Tight labour market fuels higher pay and bonuses in internet sector
IT, marketing and sales staff working in e-commerce businesses can earn higher salaries and bonuses than in bricks-and-mortar organisations, according to a survey by HR consultants William M Mercer.
The survey shows that three-quarters of internet businesses either provide, or are considering providing, retention bonuses and project milestone/completion bonuses to these staff. Even more are looking at short-term incentives such as annual and bi-annual bonuses.
The explosion of e-commerce means that IT and marketing staff are now in very hot demand, said Karen Kreidler, a senior consultant at William M Mercer. Clearly, this is creating a new set of issues on how companies can differentiate themselves to attract and retain the right people.
More companies focusing on total rewards
A particularly noticeable finding to emerge from the Mercer research is that some employers are starting to broaden their reward packages in an attempt to attract the talent they need. One in ten organisations now offers its e-commerce professionals special perks such as home-working, flexitime and dress-down policies. A third are considering this sort of approach.
Companies that focus on the 'total work experience' are more likely to be successful in attracting and retaining staff in the long term. Such organisations not only understand the importance of reward packages, but also work at creating challenging jobs and development opportunities, strong management and leadership, and an environment of empowerment.
Key findings of Mercer research
The median base pay for senior executives is £ 110,000 a year, rising to over £ 135,000 for some positions. The median base salary for web design managers is £ 57,750, whilst junior web designers earn £ 25,100. E-commerce marketing managers receive a median salary of £ 58,500.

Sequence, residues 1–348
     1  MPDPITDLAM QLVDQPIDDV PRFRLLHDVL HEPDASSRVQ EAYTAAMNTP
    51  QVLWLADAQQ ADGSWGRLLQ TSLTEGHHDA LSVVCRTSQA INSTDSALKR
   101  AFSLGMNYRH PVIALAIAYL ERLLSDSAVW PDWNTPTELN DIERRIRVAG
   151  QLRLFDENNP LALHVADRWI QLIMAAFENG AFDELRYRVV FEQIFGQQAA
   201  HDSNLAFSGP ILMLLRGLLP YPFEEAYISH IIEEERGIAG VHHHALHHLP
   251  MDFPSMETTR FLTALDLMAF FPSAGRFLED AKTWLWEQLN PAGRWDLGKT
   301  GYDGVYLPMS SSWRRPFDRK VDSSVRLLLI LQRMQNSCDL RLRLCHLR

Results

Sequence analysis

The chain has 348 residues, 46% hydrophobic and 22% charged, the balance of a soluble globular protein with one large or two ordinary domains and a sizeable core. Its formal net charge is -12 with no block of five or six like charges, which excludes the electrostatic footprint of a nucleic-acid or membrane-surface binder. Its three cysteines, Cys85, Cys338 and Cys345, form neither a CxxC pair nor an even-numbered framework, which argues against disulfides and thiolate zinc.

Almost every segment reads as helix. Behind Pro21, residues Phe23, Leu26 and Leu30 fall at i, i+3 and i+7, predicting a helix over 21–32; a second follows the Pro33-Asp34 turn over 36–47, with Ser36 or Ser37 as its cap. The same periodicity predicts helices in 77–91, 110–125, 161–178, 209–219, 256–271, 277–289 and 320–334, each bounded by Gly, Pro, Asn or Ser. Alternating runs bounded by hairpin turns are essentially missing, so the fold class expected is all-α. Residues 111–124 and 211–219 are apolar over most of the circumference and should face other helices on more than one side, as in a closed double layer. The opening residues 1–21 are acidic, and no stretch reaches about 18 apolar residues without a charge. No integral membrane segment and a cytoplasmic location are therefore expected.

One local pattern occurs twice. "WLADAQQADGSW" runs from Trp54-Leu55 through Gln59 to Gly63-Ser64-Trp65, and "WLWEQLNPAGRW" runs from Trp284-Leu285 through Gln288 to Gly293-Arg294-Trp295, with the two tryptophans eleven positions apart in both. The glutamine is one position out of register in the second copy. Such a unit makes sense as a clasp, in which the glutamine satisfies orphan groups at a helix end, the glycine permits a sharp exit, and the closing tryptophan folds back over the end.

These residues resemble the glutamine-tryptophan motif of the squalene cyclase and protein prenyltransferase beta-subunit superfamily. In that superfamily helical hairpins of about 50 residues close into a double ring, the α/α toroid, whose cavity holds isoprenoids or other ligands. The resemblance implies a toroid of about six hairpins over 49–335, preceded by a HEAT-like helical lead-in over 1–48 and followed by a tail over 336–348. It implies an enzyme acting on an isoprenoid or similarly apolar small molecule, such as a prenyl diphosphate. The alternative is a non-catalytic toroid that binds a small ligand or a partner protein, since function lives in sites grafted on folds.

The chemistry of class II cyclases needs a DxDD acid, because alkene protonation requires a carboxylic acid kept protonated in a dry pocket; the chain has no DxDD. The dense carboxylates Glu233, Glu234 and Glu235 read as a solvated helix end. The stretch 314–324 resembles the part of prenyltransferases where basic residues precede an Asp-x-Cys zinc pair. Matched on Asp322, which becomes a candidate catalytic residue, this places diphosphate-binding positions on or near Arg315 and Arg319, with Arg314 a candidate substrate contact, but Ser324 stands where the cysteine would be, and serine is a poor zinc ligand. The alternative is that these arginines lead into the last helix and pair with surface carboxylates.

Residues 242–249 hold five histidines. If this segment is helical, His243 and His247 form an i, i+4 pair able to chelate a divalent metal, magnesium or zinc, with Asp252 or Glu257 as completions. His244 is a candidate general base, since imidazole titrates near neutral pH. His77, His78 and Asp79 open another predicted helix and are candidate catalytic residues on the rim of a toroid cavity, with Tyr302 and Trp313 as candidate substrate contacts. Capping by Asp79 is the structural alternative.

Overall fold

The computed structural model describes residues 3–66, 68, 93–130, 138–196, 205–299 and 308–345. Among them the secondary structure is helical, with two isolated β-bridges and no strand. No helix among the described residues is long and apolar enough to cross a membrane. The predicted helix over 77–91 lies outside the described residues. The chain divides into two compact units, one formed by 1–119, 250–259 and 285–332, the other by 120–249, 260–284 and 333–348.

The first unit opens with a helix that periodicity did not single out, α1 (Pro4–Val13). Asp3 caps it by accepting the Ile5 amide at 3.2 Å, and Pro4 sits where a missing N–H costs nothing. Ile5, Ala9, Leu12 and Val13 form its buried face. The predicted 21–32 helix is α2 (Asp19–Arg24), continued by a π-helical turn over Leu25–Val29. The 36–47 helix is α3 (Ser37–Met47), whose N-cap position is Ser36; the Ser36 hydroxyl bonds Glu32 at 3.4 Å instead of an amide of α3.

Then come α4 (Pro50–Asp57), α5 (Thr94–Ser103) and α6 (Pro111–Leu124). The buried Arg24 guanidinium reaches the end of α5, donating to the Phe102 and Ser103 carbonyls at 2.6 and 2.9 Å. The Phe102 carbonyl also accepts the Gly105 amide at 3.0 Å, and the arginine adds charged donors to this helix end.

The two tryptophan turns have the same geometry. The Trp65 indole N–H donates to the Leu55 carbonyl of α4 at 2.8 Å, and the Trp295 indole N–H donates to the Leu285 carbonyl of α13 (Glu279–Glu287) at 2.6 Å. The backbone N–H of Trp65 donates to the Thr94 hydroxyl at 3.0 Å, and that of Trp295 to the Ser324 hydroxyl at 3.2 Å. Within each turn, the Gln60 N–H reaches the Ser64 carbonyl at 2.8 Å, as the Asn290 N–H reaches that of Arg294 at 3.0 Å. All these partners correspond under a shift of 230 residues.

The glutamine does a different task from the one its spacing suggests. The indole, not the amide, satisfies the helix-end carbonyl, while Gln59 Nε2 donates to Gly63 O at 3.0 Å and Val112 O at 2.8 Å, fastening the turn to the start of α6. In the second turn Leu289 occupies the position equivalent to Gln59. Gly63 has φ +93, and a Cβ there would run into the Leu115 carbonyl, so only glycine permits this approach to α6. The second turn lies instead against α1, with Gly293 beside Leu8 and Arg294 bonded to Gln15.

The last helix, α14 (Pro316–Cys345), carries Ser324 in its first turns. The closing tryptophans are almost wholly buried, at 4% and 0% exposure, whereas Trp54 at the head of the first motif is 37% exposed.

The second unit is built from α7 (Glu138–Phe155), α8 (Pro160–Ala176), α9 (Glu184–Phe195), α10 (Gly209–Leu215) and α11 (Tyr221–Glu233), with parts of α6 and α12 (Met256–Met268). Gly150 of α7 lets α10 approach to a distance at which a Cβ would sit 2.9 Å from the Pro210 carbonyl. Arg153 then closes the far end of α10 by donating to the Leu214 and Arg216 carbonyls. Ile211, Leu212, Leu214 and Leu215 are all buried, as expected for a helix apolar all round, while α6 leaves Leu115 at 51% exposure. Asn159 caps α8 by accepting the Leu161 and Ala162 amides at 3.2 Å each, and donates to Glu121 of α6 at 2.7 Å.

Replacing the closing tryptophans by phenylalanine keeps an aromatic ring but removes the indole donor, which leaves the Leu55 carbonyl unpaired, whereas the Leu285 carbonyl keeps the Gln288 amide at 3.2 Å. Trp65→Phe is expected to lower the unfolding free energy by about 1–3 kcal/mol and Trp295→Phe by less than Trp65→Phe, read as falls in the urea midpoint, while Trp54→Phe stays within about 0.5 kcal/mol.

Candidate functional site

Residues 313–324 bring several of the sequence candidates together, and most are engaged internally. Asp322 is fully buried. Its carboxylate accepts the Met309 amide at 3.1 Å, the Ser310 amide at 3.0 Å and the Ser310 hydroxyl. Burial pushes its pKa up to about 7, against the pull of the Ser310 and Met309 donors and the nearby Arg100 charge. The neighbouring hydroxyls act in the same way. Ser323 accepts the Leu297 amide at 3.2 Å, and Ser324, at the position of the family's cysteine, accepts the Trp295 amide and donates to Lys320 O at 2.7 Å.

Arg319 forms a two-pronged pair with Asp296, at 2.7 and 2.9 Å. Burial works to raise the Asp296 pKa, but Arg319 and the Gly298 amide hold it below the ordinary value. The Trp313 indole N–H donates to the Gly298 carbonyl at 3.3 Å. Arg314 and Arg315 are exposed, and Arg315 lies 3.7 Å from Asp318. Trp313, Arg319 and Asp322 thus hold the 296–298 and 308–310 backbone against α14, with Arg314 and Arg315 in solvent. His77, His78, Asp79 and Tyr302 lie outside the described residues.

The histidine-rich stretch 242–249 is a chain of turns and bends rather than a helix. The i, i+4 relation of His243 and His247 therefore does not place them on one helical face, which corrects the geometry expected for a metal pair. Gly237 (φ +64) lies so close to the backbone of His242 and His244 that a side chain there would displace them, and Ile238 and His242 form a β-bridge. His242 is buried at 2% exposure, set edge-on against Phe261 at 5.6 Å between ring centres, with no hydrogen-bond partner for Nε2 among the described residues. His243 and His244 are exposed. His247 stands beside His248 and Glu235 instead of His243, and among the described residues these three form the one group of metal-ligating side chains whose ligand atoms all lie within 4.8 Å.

Nearly a third of participants have introduced more aggressive pay increases in their e-commerce businesses than in other parts of their organisation — typically using a separate, higher pay range or adding a special premium of between 6% and 10% of base pay.
Average salary increases for e-commerce staff were pitched at 4.8% in 1999/2000, although some companies awarded as much as 9.4% to certain staff. The average projected rise for next year is 4.9%.
Just under a third of companies have introduced a special recruitment and retention programme for e-commerce professionals, while a similar proportion is considering doing so.
Title: 2000 UK e-commerce compensation survey, by William M Mercer.
Sample size: the survey draws on information provided by 22 of the UK’ s largest e-commerce suppliers and dot-com companies. The average e-commerce workforce was 79 the average number of contractors was 30.
Methodology: Mercer’ s analysis focuses on 20 e-commerce roles covering a range of specialist positions from web developer to top e-commerce executive.
Business sectors: the majority of participating organisations were subsidiaries or divisions of parent companies. Half of the respondents were financial services organisations.
Want to know more? Further information and copies of the survey are available from Julia Clement, tel: 01753 848 040 or email firstname.lastname@example.org
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